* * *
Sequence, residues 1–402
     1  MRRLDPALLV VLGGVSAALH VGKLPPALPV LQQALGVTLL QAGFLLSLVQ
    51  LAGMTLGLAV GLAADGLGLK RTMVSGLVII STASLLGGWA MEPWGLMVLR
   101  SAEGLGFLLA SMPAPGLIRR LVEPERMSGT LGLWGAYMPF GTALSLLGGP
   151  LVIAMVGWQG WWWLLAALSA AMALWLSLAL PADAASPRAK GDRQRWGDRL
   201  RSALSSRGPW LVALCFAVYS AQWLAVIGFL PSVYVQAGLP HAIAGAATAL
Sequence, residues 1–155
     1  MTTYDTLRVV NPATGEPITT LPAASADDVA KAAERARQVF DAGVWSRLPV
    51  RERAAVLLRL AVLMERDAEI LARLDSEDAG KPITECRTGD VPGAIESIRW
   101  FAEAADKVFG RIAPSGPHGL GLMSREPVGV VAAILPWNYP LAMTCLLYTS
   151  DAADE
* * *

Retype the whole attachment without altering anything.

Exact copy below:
Sequence, residues 1–402
     1  MRRLDPALLV VLGGVSAALH VGKLPPALPV LQQALGVTLL QAGFLLSLVQ
    51  LAGMTLGLAV GLAADGLGLK RTMVSGLVII STASLLGGWA MEPWGLMVLR
   101  SAEGLGFLLA SMPAPGLIRR LVEPERMSGT LGLWGAYMPF GTALSLLGGP
   151  LVIAMVGWQG WWWLLAALSA AMALWLSLAL PADAASPRAK GDRQRWGDRL
   201  RSALSSRGPW LVALCFAVYS AQWLAVIGFL PSVYVQAGLP HAIAGAATAL
Sequence, residues 1–155
     1  MTTYDTLRVV NPATGEPITT LPAASADDVA KAAERARQVF DAGVWSRLPV
    51  RERAAVLLRL AVLMERDAEI LARLDSEDAG KPITECRTGD VPGAIESIRW
   101  FAEAADKVFG RIAPSGPHGL GLMSREPVGV VAAILPWNYP LAMTCLLYTS
   151  DAADE